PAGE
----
RPC Group chief executive Ron Marsh has been honoured for his contribution to the plastics sector at the British Plastics Federation’s annual dinner
Marsh, who recently announced plans to retire next year, was given the Gold Medal for distinguished service to the plastics industry and the BPF at the dinner last Thursday (18 October).
The medal was awarded as BPF president Philip Watkins, in his speech to the dinner, criticised the government’s stance on plastics recycling and called for the expansion of the UK’s energy from waste infrastructure.
Marsh has been at the top of the plastics packaging world for more than two decades and was instrumental in the buy-out of RPC from SCA in 1991.
At the time, RPC had five sites and 1,000 employees; it now has 51 facilities across 11 European countries with more than 7,000 employees.
Watkins presented Marsh with the honour and said: “[Marsh] was President of the British Plastics Federation in 1997-98 and has been a strong supporter of its many programmes, particularly related to plastics packaging.
“Ron has been an inspirational leader in the Plastics industry and I am proud to present him with his Gold Medal tonight.”
Elsewhere, in his speech to the event, Watkins was critical of Defra’s proposed targets for plastic packaging recycling.
He said: “Defra has proposed impossible targets, with the overall target in 2012 of 23.7% recycling rising by 5% a year to 42% in 2017.
“Only two English Councils out of 388 collect enough plastics to meet Defra’s recycling targets and the extra cost for industry will be £70 million, undermining our plastic packaging manufacturers’ competitiveness.
“Let’s not forget that iconic British product HP Sauce is now made and packed in Spain and the Netherlands – not here.”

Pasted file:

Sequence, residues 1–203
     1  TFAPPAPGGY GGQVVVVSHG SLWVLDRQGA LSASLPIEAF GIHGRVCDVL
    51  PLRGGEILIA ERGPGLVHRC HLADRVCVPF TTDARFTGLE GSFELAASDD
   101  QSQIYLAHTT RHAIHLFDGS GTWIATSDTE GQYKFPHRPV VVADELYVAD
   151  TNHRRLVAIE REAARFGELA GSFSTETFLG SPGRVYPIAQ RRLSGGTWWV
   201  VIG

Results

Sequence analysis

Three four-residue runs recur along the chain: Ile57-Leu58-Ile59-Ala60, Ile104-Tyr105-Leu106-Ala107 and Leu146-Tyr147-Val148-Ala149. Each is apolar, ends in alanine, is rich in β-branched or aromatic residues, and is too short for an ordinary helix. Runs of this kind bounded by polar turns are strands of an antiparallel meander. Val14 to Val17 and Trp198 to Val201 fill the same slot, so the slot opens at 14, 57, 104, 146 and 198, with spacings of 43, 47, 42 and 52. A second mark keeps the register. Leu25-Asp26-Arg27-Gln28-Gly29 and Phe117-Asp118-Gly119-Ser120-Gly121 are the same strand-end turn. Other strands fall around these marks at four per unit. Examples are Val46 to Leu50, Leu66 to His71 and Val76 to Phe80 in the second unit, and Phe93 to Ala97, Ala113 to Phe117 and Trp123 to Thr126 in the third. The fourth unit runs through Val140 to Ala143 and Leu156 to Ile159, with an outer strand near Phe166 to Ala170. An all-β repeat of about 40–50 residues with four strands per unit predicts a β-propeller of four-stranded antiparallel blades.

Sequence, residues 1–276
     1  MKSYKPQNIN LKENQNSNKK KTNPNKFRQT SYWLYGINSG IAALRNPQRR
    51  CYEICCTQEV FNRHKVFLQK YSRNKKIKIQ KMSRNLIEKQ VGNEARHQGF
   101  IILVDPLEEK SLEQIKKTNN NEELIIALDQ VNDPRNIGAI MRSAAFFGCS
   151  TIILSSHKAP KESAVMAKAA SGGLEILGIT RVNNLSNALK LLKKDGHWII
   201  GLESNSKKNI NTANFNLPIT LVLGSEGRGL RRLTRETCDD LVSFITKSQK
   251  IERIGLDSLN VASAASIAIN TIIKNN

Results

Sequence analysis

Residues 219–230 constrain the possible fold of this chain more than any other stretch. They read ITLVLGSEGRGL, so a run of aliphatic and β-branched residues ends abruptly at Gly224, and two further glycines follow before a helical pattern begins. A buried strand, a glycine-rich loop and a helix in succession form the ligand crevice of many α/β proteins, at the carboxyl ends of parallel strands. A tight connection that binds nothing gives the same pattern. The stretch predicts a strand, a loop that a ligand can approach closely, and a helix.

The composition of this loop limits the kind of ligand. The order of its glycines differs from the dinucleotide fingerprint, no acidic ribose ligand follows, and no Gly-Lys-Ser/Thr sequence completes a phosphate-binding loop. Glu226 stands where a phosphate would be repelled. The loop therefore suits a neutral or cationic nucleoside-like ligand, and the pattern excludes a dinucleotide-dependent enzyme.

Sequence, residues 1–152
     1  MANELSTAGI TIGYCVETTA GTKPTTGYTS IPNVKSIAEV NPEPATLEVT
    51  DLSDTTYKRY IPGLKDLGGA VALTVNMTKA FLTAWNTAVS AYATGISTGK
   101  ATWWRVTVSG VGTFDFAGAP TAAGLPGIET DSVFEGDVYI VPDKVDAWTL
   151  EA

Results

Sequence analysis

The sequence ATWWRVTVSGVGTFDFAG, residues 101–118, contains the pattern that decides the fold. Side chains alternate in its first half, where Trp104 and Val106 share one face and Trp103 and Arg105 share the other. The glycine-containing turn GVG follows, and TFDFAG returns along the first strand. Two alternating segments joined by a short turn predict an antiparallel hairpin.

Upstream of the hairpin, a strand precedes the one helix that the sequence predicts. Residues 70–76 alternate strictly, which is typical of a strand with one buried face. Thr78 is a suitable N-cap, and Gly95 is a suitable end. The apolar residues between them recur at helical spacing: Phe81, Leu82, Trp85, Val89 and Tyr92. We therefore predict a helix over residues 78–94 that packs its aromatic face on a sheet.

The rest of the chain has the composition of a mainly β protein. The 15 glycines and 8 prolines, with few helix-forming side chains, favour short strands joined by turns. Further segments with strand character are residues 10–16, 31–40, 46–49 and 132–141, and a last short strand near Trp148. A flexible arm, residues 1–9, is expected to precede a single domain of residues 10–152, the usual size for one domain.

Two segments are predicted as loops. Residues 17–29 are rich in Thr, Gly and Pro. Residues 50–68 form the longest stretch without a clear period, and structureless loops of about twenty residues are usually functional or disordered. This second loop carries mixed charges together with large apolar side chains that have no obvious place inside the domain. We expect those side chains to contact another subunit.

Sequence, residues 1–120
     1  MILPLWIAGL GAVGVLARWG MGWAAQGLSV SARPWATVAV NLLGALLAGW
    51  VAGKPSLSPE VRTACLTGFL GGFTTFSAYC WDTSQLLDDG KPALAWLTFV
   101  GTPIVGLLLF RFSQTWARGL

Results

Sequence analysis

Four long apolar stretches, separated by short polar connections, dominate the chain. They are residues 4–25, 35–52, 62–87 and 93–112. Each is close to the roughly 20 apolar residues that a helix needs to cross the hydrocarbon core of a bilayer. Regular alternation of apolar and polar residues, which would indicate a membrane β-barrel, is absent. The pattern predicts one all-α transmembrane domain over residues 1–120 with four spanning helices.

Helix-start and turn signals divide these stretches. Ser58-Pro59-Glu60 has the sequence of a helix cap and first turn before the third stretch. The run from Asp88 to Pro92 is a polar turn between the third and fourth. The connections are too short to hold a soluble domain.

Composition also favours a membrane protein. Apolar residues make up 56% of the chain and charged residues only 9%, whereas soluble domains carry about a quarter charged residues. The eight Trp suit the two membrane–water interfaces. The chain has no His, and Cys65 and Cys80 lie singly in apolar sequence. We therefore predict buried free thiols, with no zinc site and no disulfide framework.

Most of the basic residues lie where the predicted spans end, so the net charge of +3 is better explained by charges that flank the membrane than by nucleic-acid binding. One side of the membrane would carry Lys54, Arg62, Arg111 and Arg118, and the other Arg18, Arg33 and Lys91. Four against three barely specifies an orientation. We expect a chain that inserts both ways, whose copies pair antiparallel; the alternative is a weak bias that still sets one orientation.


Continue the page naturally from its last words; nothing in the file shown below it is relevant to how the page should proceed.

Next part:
Energy from waste
He also tackled the energy supply situation which has been at the top of the BPF’s agenda in recent times and on which it has frequently warned of energy shortages in the coming years.
He pointed to the fact that 20% of the UK’s power generating capacity is due to close down in the next decade and the regulator Ofgem’s warning of power supplies not meeting demand in the winter of 2015-16.
Watkins said: “Every month lost with no new power capacity brings the brown outs closer. Two of three energy giants who were to have built a dozen new nuclear reactors in Britain have pulled out.
“The Chief Executive of EDF once promised that in 2017 our Christmas turkeys would be cooked with the aid of power from the first new nuclear reactor at Hinkley Point. This turkey is now at least three years behind schedule.
“The BPF will keep up the pressure on Government to act faster but we can help ourselves by pressing for a lot more energy from waste plants, where unrecyclable waste can provide 11% of our power needs.”